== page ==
New research from Dell Technologies has found that businesses in the UK are trailing behind 12 other global countries currently investing in technologies like artificial intelligence (AI), virtual reality (VR) and other high-performance technologies such as flash storage, required to support many other new technologies and applications.
The report is based on a survey of 3,800 business leaders across Europe, America and Asia and aims to help businesses understand what steps they need to take in order to remain competitive in their markets.
Businesses are in a time when emerging technologies like AI and the Internet of Things (IoT), fueled by exponential increases in processing power, connectivity and data, will open-up new possibilities, but this research demonstrates that many in the UK aren’t moving fast enough, or going deep enough to overcome common barriers to operating as a successful digital business. Only 25% have ingrained digital in all they do, and 39% don’t know whether they’ll be able to compete over the next decade.
With only 16% of UK businesses investing in advanced AI, falling behind France (31%), Germany (26%), The Netherlands (17%) and Italy (22%), and when compared with the global average, the UK is behind on current investments in IoT (global 46%, UK 34%), capabilities for application acceleration (global 39%, UK 30%), converged infrastructure (Global 39%, UK 34%), high-performance computer technologies (global 36%, UK 29%) and VR/AR (Global 28%, UK 23%) – there is a clear indication that the UK needs to step up their investment in these technologies to keep pace.
Despite the lack of technology take-up, there is a clear understanding from businesses that in order to advance as an organisation, collaboration across the business is a must. While 87% believe that senior leaders should spearhead the digital change, 89% of UK respondents recommend securing employee buy-in on a company’s digital transformation and values, highlighting the need for a collaborative approach to the adoption of new technologies.
“The results demonstrate that UK businesses are placing less of a focus on investing in sophisticated technologies than not only our European counterparts but also many other global competitors,” said Dayne Turbitt, senior vice president, Enterprise, UK & Ireland, at Dell EMC.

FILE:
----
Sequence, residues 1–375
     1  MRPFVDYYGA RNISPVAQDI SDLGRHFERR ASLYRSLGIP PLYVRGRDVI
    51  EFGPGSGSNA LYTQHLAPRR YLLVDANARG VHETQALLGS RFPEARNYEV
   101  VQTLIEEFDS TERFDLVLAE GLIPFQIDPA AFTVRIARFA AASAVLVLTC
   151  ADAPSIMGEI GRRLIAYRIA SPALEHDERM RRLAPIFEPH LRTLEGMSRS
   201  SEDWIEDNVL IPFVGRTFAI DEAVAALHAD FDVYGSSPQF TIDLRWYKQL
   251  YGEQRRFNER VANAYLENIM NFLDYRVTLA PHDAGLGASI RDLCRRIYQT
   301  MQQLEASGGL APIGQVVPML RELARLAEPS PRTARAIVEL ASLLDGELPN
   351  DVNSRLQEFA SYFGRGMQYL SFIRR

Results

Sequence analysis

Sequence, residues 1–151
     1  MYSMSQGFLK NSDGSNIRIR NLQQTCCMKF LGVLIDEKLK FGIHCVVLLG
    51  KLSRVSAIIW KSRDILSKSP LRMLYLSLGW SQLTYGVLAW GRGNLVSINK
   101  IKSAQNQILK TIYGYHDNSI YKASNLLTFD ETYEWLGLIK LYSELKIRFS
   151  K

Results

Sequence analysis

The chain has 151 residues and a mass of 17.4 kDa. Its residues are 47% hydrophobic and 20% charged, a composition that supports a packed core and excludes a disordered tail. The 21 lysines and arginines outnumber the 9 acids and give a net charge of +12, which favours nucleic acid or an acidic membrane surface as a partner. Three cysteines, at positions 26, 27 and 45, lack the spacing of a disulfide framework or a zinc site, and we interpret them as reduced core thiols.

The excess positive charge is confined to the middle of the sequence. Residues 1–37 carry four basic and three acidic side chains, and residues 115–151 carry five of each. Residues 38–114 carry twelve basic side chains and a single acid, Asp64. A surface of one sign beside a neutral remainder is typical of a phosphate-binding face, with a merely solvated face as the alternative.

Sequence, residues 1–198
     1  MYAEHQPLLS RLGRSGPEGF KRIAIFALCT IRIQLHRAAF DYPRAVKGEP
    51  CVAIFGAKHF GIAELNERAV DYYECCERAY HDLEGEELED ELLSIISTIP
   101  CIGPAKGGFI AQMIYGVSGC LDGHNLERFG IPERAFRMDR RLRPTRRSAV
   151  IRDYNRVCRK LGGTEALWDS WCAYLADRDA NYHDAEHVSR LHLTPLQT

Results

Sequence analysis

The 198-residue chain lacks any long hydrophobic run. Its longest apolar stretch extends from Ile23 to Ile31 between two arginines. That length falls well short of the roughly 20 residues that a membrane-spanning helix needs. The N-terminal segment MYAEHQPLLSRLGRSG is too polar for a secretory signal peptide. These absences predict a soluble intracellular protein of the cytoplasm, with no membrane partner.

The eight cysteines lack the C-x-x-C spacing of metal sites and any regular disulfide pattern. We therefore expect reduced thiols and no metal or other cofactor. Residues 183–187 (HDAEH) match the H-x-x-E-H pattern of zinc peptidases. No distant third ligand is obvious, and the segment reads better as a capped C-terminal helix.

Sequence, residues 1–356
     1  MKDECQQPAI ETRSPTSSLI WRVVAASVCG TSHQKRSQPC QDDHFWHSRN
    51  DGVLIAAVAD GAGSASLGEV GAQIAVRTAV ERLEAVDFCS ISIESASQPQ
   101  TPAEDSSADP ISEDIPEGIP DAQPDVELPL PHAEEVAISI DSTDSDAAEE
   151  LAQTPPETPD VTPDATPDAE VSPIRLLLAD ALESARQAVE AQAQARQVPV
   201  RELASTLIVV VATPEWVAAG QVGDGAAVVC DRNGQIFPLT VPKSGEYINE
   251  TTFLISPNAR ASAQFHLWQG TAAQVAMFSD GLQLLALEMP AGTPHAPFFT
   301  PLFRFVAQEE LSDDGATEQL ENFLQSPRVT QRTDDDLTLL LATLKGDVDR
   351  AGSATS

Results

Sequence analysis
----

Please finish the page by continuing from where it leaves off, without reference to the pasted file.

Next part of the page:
“In a time when the UK is looking to make its own path outside of the EU, there has to be a greater investment in technologies that have the potential to deliver a significant competitive advantage. Greater collaboration within businesses in delivering this change is a crucial step in this process.”
One possible explanation for the hesitance of UK businesses to adopt newer technologies is the uncertainty over the future of their industry. 66% of UK respondents said they were not sure what the next 10-15 years will look like for their industry, let alone their employees. This was the highest result in the respondents’ countries, with only Japan feeling the same.
Claire Vyvyan, senior vice president, Commercial, UK & Ireland at Dell EMC commented: “The rate of technology advancement is causing a shift in how people view their roles and industries, perhaps causing some uncertainty as to where to focus their investments as they assess what life will look like for the workforce of the future. They need to accelerate their planning here, looking at what skills will be required to accelerate their adoption of these emerging technologies in the next three, five, even 10 years and start retraining and attracting talent to get ahead of the demand.”
Analytics, big data, data processing and hybrid cloud
The UK surpasses the global average in only two areas; analytics, big data and data processing (global 50%, UK 53%) and hybrid cloud (global 49%, UK 50%).
Despite the current lack of investment from UK respondents, there is a marked increase in the number of businesses planning on investing in the mentioned technologies over the next five years, who aren’t currently.
With only 29% of UK businesses currently investing in high-performance computers, 49% of respondents are planning on investing in the technology over the next five years. These results are more hopeful when compared with our European counterparts France (41%) and Italy (45%) but the UK still lacks behind Germany (59%), the Netherlands (53%), Mexico (62%) and India (56%).
“Businesses in the UK need to understand their competitors in other countries plan on adopting more sophisticated technologies to deliver greater business performance. Home to some great start-ups and innovative technologies, the UK is ideally placed to spearhead the adoption. This research shows what businesses need to undertake to achieve successful digital transformation and it is clear that collaboration throughout the business across all levels is key”, concluded Turbitt.